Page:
Intramedullary nail has the advantage of limited devascularization at the fracture site during surgical approach. Biomechanically, the central location of the intramedullary nail in the bone distributes the load more uniformly than an eccentric plate, hence acting as a load-sharing device.[2] However, the limitations are that when standard distal locking screws are used, they often fail to gain adequate purchase and cut out subsequently in the osteoporotic bones.[2],[4]

We present a series of elderly patients with extra articular distal femoral fractures treated with retrograde distal femur nail (DFN) using spiral-locking blade system.


   Materials and Methods Top


This is a retrospective study of patients who have undergone DFN with spiral-locking blade for extra articular distal femoral fractures above the age of 70 years, in one of the largest major trauma centers in the U.K., from 2001 to 2015. Patients treated with plating or other surgical techniques, patients younger than 70 years of age at the time of surgery, and patients with peri-prosthetic fracture around total knee replacement were excluded from the study. Patient notes and radiographs were reviewed and assessed for surgical details, postoperative complications, weight-bearing status, time to union, and outcome at the time of discharge.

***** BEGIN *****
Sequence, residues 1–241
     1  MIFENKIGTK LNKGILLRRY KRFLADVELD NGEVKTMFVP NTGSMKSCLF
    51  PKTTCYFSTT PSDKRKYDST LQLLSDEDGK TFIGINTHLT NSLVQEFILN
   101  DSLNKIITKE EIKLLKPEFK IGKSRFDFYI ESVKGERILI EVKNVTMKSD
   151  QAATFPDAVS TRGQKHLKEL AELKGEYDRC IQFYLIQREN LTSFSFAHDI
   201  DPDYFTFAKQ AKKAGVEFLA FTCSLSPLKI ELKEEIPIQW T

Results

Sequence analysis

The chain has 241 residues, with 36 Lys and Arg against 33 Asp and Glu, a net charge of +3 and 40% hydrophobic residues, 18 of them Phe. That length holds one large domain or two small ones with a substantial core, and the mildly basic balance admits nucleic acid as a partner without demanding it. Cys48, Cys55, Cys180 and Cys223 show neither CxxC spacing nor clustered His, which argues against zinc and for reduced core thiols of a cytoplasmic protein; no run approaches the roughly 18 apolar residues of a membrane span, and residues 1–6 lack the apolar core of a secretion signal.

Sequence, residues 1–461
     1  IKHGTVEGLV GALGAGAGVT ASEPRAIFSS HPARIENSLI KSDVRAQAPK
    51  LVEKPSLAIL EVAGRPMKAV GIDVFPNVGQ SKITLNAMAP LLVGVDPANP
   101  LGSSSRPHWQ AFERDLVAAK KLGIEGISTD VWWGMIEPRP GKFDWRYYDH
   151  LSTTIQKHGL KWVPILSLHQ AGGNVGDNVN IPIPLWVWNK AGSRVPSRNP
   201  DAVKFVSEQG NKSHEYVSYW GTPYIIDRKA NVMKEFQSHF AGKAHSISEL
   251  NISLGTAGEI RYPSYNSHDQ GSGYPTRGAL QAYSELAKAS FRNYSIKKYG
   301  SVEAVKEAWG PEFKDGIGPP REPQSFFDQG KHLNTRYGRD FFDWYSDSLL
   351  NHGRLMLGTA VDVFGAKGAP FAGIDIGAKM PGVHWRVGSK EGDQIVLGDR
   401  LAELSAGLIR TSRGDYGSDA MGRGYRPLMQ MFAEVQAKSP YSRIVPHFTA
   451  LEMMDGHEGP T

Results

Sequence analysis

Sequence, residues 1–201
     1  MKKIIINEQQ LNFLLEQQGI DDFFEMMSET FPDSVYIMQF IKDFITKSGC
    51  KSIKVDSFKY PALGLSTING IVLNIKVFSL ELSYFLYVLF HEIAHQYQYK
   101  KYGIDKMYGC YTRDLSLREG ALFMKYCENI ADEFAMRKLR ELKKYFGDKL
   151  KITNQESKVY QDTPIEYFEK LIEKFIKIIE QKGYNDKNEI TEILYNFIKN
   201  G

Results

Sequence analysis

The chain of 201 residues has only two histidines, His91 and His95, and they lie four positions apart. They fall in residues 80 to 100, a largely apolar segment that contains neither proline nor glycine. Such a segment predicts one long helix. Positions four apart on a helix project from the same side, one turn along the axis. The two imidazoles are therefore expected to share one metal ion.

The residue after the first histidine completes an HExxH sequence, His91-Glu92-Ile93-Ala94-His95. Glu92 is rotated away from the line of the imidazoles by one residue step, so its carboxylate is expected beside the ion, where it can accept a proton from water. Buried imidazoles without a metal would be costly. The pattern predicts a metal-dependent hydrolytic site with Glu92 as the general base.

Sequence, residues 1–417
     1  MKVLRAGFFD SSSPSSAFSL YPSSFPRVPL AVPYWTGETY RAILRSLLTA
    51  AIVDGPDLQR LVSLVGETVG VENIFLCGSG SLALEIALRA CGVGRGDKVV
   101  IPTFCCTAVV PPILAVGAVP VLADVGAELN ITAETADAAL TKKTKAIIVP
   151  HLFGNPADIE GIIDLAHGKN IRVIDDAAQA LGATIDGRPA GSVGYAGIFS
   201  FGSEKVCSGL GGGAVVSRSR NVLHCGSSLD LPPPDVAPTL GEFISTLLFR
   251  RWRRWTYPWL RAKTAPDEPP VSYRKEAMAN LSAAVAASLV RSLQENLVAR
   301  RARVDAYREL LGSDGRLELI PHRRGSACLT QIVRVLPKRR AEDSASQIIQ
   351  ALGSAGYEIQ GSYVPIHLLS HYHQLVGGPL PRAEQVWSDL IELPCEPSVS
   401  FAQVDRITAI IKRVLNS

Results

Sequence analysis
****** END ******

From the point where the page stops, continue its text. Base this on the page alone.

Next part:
All fractures were classified as per AO classification and postoperative radiographs were assessed for alignment and time to union. Radiological union was defined as bridging callus in all four cortices on both anterior-posterior and lateral views. Clinical union was defined as the absence of pain at the fracture site at clinical review and able to weight bear without pain. Delayed union was defined as the absence of callus in any of the four cortices, over 3 months from the time of surgery. Nonunion was defined as no radiological signs of healing after 6 months of surgery.

The alignment of the distal femur was measured on preoperative and final postoperative followup radiographs. Shortening, varus-valgus, and antecurvatum-recurvatum were measured and are scored as shown in [Table 1].[6] Failure of fixation was defined as protrusion of nail into the knee and/or breakage or cutout of screws.
Table 1: Radiological assessment and scoring on final postoperative followup radiographs

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Implant design: Distal locking

The DFN is available as a titanium implant (Synthes, Umkirch, Germany).[7] The spiral-locking blade for distal interlocking can be used in cases of osteopenic bone or pathologic fractures. The distal locking screw and spiral-locking blade are introduced with an attached external driver guide. A setscrew is introduced, which prevents bone in-growth into the nail and locks the spiral blade proximally providing a stable angle, and presses against the edge of the spiral blade preventing it from backing out.

Operative procedure

The surgery was performed on a radiolucent operating table with the patient in supine position and the knee flexed to 30°, with a leg roll beneath the knee to ease the insertion of the nail. Access for the retrograde nailing was obtained through transligamentar or medial parapatellar approach.